movies for the week? What are the best movies being rented this week? versus The Netflix website is best but only after
you pay the $7.99 per month fee or sign up for the free first month. The Redbox site is
non-subscription (free) and reveals instantly the best movies, etc.




Financial Ratios for Hershey Company (2014)

Liquidity Ratios:
Current ratio: Current assets/Current liabilities = 2,247 / 1,935 = 1.16

Quick ratio: Current assets minus inventory/Current liabilities = (2,247 - 801) / 1,935 = 0.747

Leverage Ratios:
Debt-to-total-assets ratio: Total debt/Total assets = 1,548 / 5,629 = 0.275

Debt-to-equity ratio: Total debt/Total stockholders equity = 1,548 / 1,455 = 1.06

Long-term debt-to-equity ratio: (Total liabilities Total current liabilities)/Total Equity =

(4,109 1,935) / 1,519 = 1.43

Times-earned-interest ratio: Profits before interest and taxes/Total interest charges =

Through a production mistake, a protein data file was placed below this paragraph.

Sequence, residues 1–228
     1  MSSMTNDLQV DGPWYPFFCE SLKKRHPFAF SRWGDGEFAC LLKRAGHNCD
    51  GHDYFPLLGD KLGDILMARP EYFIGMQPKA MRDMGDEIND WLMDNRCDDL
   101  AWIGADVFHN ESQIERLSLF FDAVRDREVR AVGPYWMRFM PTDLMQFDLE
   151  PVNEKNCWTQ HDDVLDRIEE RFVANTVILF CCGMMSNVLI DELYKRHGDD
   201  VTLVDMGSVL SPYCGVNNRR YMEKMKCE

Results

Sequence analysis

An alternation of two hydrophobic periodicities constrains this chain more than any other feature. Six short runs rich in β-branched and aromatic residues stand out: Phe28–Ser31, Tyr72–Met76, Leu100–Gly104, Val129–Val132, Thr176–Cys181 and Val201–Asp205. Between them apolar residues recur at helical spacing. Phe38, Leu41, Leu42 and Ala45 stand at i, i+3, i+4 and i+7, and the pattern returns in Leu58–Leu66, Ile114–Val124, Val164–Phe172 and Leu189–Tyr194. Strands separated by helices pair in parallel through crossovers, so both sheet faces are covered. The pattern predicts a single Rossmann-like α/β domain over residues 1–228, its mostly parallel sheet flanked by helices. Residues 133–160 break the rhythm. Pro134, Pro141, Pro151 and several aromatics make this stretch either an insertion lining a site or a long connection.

1,389 / 83.5 = 16.63

Activity Ratios:

Inventory turnover: Sales/Inventory of finished goods = 7,421 / 801 = 9.26

Fixed assets turnover: Sales/Fixed assets = (let Fixed Assets = PP&E) = 7,421 / 2,151 = 3.45

Total assets turnover: Sales/Total assets = 7,421 / 5,629 = 1.32

Accounts receivable turnover: Annual credit sales/Accounts receivable = 7,421 / 596 = 12.45

Average collection period: Accounts receivable/(Total credit sales / 365 days) =

596 / (7,421 / 365) = 29.32 days

Profitability Ratios:

Gross profit margin: (Sales minus costs of goods sold)/Sales = (7,421 4,085) / 7,421 = 0.45

Operating profit margin: Earnings before interest & taxes (EBIT)/Sales = 1,389 / 7,421 = 0.19
Net profit margin: Net income/Sales = 846 / 7,421 = 0.114